This wonderful original vintage postcard shows a Day of the Dead skull - choose from white, pink or black outlined skulls.
They are created from original vintage Indian postcards which have been upcycled by famed artists from Udaipur, Rajasthan, India. The artists collect authentic old and vintage postcards and then use the fronts as a ‘canvas’ for their outstanding centuries-old traditional Indian miniature paintings skills (see below for a full description).
The level of detail is exceptional with some of the elements painted with a single bristle paintbrush.
Day Of The Dead: Sometimes called Día de Los Muertos in English speaking countries, which is a back-translation of its original name, Día de Muertos. It is particularly celebrated in Mexico where the day is a public holiday. Prior to Spanish colonisation in the 16th century, the celebration took place at the beginning of the summer season. Over time it was associated with Christian All Saints' Eve, All Saints' Day, and All Souls' Day on October 31, November 1, and November 2. Traditions connected with the holiday include: visitors leaving possessions of the deceased at their graves, building private altars called ofrendas, honouring the deceased using Calaveras, Aztec marigolds, and the favourite foods and beverages of the departed and visiting graves with these as gifts.
The photo shows a selection of the type postcard available - however on ordering Scaramanga will randomly select an individual postcard which may not be one of the ones shown in the photo. Please let us know if you would like: white, pink or black. If you do not state a preference, we'll select a random colour.
We are selling the cards individually.
Size: W14cm x D8.5cm.
These postcards are not new. They may have small marks, tears and missing corners on them, which are consistent with their age and original use. We feel these add to their character and appeal. Please look at the photos to get a general idea of their condition.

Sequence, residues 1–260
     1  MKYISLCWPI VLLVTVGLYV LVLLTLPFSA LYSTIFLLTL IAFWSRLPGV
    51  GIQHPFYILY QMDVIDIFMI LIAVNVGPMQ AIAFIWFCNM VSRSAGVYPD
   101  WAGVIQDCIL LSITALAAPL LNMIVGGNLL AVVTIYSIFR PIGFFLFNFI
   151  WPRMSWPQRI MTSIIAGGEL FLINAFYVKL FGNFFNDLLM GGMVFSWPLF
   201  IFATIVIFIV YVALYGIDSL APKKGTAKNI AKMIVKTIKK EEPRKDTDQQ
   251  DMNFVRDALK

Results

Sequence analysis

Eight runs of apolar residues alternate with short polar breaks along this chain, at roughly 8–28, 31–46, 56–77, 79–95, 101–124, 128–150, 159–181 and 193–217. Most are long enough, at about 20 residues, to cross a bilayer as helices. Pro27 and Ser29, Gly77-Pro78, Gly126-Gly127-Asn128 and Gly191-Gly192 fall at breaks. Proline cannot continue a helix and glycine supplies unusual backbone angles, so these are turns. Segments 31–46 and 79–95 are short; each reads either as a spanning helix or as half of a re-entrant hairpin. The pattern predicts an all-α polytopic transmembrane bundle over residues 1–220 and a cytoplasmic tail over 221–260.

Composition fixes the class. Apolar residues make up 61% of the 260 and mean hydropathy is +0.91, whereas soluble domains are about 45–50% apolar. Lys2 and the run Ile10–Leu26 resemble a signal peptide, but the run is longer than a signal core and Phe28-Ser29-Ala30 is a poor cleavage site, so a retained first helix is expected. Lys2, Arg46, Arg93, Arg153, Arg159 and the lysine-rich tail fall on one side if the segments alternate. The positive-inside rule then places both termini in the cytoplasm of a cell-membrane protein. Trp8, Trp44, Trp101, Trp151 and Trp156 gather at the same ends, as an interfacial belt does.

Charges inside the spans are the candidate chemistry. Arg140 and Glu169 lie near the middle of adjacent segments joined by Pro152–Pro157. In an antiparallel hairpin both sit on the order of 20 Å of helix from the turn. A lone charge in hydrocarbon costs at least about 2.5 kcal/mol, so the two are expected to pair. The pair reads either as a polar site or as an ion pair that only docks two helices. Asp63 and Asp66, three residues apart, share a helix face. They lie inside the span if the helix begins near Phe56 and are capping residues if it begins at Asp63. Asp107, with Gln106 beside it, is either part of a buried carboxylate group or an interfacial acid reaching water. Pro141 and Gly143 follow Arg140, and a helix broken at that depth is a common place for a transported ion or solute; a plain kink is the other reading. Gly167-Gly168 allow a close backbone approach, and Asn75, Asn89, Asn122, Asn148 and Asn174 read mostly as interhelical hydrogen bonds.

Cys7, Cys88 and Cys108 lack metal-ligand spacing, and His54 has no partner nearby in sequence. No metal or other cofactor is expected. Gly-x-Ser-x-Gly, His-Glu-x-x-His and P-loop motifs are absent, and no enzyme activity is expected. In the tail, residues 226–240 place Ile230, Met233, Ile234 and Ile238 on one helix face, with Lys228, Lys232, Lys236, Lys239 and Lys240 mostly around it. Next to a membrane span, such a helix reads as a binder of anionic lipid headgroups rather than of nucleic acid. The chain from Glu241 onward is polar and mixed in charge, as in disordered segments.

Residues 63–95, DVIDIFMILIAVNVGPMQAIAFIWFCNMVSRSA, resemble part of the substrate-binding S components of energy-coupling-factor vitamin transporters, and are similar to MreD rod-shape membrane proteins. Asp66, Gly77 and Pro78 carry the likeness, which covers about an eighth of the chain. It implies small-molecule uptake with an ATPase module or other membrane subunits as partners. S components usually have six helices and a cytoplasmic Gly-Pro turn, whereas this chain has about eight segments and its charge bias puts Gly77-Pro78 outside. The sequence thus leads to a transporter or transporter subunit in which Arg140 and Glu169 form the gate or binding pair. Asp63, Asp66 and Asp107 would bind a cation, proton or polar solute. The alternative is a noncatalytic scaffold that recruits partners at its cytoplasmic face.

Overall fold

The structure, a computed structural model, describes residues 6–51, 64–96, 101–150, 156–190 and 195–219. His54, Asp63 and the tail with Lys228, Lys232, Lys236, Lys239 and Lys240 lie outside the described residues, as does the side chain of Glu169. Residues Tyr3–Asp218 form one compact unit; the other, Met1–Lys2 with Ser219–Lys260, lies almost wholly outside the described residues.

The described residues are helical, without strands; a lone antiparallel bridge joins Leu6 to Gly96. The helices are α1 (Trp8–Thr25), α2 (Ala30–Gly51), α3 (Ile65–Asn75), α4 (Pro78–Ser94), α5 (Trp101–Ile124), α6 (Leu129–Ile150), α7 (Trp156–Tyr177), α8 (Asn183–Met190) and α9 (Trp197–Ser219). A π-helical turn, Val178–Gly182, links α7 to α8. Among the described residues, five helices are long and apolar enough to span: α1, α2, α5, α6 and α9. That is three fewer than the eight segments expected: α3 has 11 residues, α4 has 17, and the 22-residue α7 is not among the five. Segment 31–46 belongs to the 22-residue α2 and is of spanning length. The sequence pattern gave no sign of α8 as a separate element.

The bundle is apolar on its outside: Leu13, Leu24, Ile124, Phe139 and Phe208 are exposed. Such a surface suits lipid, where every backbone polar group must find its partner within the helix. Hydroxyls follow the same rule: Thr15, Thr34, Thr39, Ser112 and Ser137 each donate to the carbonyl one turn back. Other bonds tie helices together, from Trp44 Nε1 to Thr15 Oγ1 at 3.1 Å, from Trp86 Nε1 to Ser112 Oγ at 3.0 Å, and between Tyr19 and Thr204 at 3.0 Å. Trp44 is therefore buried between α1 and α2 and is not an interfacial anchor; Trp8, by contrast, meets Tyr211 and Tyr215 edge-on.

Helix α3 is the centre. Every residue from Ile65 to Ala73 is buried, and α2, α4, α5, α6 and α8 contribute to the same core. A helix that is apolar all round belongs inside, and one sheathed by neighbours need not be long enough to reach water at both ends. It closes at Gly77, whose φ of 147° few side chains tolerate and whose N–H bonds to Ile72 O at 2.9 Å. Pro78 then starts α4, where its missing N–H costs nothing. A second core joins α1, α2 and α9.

The background of Indian Miniature painting:
Miniatures are intricate, small, colourful handmade folk paintings, created with very precise and delicate brushwork. The colours used in the miniatures are derived from minerals, vegetables, precious stones, indigo, conch shells, pure gold and silver. Some of the noted miniature schools include those of the Mughals, Rajputs and Deccan.
The paintings recreate historical episodes or tales of mythology in schools that have come to be identified with the different kingdoms that merged in Rajasthan and wider India. Fine brush strokes signify miniatures from Jaipur and Udaipur, the Bundi and Kotah kalams are known for their scenes of battle and of shikar (hunts) while the Kishangarh School does portraits with Radha-Krishna as the principal characters.
Rajput painting evolved and flourished during the 18th century in the royal courts of Rajputana, India. Each Rajput kingdom evolved a distinct style, but with certain common features. Rajput paintings depict a number of themes, events of epics like the Ramayana and the Mahabharata, Krishna’s life, beautiful landscapes, and human figures.
Mughal painting is a particular style, which is generally confined to miniature book illustrations, emerged and developed during the Mughal Empire (16th -19th centuries). Mughal paintings include portraits, events and scenes from royal court life, wildlife and hunting scenes, and illustrations of epic battles. The Victoria and Albert Museum in London has a large and remarkable collection of Mughal paintings.
Today many schools of miniature painting thrive in Rajasthan. These include the Mewar or Udaipur school, the Bundi school, the Kishangarh school, the Bikaner school, the Jaipur school and the Alwar school.